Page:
Establishing the value of Vietnamese painting

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‘Choi O An Quan ’ ( Children Playing Games ), a famous painting by silk painting master Nguyen Phan Chanh

Nhan Dan – There is still argument over the starting date of the modern period of Vietnamese painting. Is it marked by the establishment of the Indochina Fine Arts College in 1924 or does it fall between 1920 and 1923 when the first painting stamped with the signature of Nam Son was found? No matter which answer one chooses, the time has gone down in the history of Vietnamese painting for the appearance of many talented painters who nurtured and established value for Vietnamese paintings.

Among them is Nguyen Phan Chanh (1892-1984), whose silk paintings have recently been listed as outstanding artworks by Christie’s, the world’s leading fine arts auction house. Despite his French training in drawing techniques, Chanh sought ways to illustrate the soul of the Vietnamese people through the profound and charming palette of silk paintings. In his paintings, rural Vietnamese people in that times are not merely ordinary individuals. They represent the stature of a nation with their modest, plain, friendly and sentimental features.

Chanh entered the Indochina Fine Arts College when he was over 30 years old. While his western-educated schoolmates plunged into noisy and gaudy urban areas, he explored the outskirts of Hanoi, which inspired him to produce the famous painting ‘Choi O An Quan ( Children Playing Games ).

Resolutely refusing to use his brushes to serve the intentions of French colonialists, he left Hanoi for a rural area where he lived as a teacher and pursued his interest in drawing ordinary people in silk paintings. His drawings were not selected to join the French authority’s fair in 1937-1938 and so he opened two individual exhibitions featuring silk paintings that told stories about unassuming people. This reveals a lot about the artist’s aura. His enduring attachment to silk paintings and the theme of rural Vietnamese people, particularly women, illustrates a deep and consistent love of his country.

Another important name of the period is Nguyen Gia Tri (1908-1993), who distinguished himself with glorious and warm lacquer paintings featuring Vietnam’s natural landscape and people. He is unique for his exclusive use of the captivating beauty of lacquer throughout his career. There may be an extraordinary bond linking him with the genre, as he once admitted, “I have worked with lacquer since it was found; thus, naturally /”>naturally /”> naturally , I have lived with it like a fish living in water “, in ‘ Painter Nguyen Gia Tri Talking about Creativity ’ by Nguyen Xuan Viet , a Literature Publishing House edition published in 1998.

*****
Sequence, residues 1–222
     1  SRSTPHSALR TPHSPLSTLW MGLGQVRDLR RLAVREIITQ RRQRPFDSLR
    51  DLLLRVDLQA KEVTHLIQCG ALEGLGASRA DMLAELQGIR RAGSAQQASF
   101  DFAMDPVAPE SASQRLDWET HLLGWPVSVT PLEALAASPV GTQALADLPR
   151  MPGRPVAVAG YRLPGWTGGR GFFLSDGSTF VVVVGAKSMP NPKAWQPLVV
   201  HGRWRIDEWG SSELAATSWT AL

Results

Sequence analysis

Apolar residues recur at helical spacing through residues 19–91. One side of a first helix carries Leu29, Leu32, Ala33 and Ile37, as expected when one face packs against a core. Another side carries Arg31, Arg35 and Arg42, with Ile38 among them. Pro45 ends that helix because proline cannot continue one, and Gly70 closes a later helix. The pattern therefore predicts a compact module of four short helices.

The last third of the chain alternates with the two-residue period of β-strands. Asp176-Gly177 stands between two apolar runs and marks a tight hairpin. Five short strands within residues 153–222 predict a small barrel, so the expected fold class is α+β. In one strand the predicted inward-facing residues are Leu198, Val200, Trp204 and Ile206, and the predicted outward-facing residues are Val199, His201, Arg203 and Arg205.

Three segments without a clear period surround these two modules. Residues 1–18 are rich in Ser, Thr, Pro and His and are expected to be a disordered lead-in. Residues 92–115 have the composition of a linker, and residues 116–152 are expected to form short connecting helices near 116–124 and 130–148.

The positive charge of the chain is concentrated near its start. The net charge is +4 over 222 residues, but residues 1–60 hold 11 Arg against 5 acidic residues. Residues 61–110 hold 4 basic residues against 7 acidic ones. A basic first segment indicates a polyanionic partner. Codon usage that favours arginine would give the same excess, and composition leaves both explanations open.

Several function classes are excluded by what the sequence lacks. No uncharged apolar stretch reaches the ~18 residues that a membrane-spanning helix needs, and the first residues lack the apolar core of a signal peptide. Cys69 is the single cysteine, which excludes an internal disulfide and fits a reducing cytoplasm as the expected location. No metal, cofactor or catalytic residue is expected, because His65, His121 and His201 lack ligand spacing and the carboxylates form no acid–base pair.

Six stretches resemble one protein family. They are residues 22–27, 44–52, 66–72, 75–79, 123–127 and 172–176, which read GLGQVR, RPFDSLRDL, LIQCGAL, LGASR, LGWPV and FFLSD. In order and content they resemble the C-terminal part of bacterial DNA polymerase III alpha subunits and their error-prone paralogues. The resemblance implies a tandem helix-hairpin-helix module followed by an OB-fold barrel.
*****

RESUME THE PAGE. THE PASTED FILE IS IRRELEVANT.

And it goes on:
It is likely that the more he worked with lacquer, the more he was aware of its ‘power’, which had previously been used only to produce fine arts products. In his works, the popular colours of yellow, red, eggshell and green are featured in an array of polished shades.

He did not abandon lacquer when he adopted the abstract style, his predominant style past the age of 50. He found freedom in the fantastic world of lacquer and a non-figurative painting language.

Nguyen Phan Chanh and Nguyen Gia Tri brought a breath of fresh air to Vietnamese painting through novel applications of traditional materials. The beauty of the country met the artists’ patriotism, soul and talent, contributing to their success.

The same formula has also been successfully adapted by other great names in Vietnamese painting such as Nguyen Tu Nghiem , Nguyen Sang , Bui Xuan Phai and Duong Bich Lien . The artists listened to the harmony between their souls and the country and then used painting as a tool to fully capture the concept.

Since the 1990s , the country has become deeply integrated into the world community, and the world seems to be flatter and more cramped. People are equal, but also more competitive at the same time. In this context, Vietnamese painting blossoms as a colourful garden. Many painters have created new formulas of success for themselves. Unfortunately, the success is seen to a certain extent as a product of commercialization instead of an outcome of pure art. The artists seem to prefer pleasing viewers’ taste to simply listening to the voice inside them as their predecessors did. Consequently, the traditional materials, including lacquer and silk, seem to have fallen off in popularity.

The blood ties binding the artists to their motherland have brought fame to many painters and granted exceptional vitality to their works. Once these ties are severed in the artists’ souls, the artistic value of their works will cease to command an enduring position in the minds of viewers and the history of painting in Vietnam.

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